Sky Meadows Farms is the equestrian section in Sky Meadows on the eastern side of VA17. What many people are not aware of is this area of the park is also accessible to hikers, and has over 7 miles of trails that pass ponds, through fields, and has a beautiful westerly overlook on Lost Mountain.
Stop at the kiosk when entering the park and pay the small entrance fee. Parking is located in the area in front of the barns. Please do not park in the top larger lot as these spaces are reserved for horse trailers.
The trails are not blazed, but each intersection is well marked with trail sign posts. The hike directions here are for a 5.2 mile double loop, but as most trails are interconnecting many combinations of hikes can be made.
Turn right on the Hayfield Trail where it enters another field and soon follows a stream. Notice a bench across the stream at the midpoint, the bench is located above the migratory duck ponds that are not visible from the Hayfield Trail. The bench is accessible from the Old Pasture Trail.
Turn left where the Hayfield Trail ends at the Rolling Meadows Trail, then shortly cross a small stream. The Rolling Meadows Trail will wind thought the upper meadow before passing the southern end of the Lost Mountain Trail. Continue on the Rolling Meadows Trail, pass the Old Pasture Trail, then arrive at the four way intersection of the Lost Mountain Trail and Washington's Ridge Trail.
Note: The hike now continues uphill on the narrower Lost Mountain Trail. If doing this hike in the fall or winter the trail is unblazed and difficult to follow with leaves on the ground.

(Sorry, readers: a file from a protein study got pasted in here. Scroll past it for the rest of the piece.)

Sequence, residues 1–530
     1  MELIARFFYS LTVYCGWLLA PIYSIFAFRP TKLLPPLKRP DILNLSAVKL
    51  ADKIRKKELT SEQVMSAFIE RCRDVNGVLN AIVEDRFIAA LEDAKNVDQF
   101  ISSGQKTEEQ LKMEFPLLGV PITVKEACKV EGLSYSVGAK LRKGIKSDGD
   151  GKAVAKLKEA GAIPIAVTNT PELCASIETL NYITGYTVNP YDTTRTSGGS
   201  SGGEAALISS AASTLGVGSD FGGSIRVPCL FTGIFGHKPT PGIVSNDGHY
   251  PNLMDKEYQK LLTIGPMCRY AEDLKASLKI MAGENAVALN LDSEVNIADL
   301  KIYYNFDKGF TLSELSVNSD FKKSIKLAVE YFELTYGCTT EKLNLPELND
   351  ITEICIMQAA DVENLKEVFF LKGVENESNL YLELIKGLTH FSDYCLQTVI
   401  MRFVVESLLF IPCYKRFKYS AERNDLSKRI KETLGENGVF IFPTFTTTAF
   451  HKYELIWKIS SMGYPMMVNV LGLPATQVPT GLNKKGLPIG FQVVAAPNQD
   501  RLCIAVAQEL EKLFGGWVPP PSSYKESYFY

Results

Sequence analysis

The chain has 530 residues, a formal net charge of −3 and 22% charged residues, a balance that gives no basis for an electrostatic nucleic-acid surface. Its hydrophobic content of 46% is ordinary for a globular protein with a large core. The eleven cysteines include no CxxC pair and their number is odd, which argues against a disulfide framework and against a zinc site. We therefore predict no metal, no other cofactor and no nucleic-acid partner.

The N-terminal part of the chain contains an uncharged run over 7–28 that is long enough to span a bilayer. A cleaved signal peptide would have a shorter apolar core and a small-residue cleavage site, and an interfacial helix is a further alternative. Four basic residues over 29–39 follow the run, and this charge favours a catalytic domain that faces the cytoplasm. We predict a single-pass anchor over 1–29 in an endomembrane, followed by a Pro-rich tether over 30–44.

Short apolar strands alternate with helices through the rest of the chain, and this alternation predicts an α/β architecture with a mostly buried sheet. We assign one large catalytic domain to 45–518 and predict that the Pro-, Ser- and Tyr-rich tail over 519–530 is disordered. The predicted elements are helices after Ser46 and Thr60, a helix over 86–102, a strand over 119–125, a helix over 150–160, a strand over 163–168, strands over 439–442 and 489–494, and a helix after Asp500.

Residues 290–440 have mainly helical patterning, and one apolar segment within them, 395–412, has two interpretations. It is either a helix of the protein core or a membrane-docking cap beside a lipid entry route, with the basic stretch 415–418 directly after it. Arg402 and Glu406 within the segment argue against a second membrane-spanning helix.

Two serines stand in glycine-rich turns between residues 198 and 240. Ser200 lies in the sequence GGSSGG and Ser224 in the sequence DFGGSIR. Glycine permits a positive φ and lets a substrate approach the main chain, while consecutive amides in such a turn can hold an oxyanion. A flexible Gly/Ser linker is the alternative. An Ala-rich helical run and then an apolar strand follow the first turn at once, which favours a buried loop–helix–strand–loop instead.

Follow the Lost Mountain Trail as it enters the woods climbing the ridge. The trail will enter a utility clear cut for 25 yards before re-entering the woods and following the ridge. Pass through several small gullies then head downhill and passing the intersection of the Washington's Ridge Trail.
Shortly after passing the Washington's Ridge Trail arrive back at the intersection of the Rolling Meadows Trail. Turn left and follow the Rolling Meadows Trail, re-crossing the stream, passing the intersection of the Hayfield Trail, then in 0.6 miles arriving back at the beginning of the loop and connector trail to the parking area.
Virginia State Parks, Sky Meadows State Park Guide:
In 1731, James Ball purchased from Lord Fairfax a 7,883-acre tract on the east side of the Blue Ridge, south of Ashby’s Gap. Ball died in 1754, and his land was divided among his daughter and five grandsons. John Edmonds purchased James Ball’s land from one of Ball’s grandsons in 1780. Edmonds then built a 1 1/2. story house, which still stands. He died in 1798, and his land was divided among his five children. Sons Elias and George sold most of their inherited land to Isaac Settle, respected postmaster and tavern-keeper in the nearby village of Paris. In 1812, Isaac Settle built a large brick house and named it “Belle Grove” (located just south of the park) where he and his wife Mary raised three children. In 1842, he sold the Belle Grove farm to his son-in-law Lewis Edmonds, who, a year later, sold 148 acres to Isaac’s son Abner Settle. On his new farm, Abner built the stone portion of what is now the "Mount Bleak” house. By 1850, he had added the frame portion of the house to accommodate himself, wife Mary, their six children, and his father. By 1862, five more children were born to the Settles.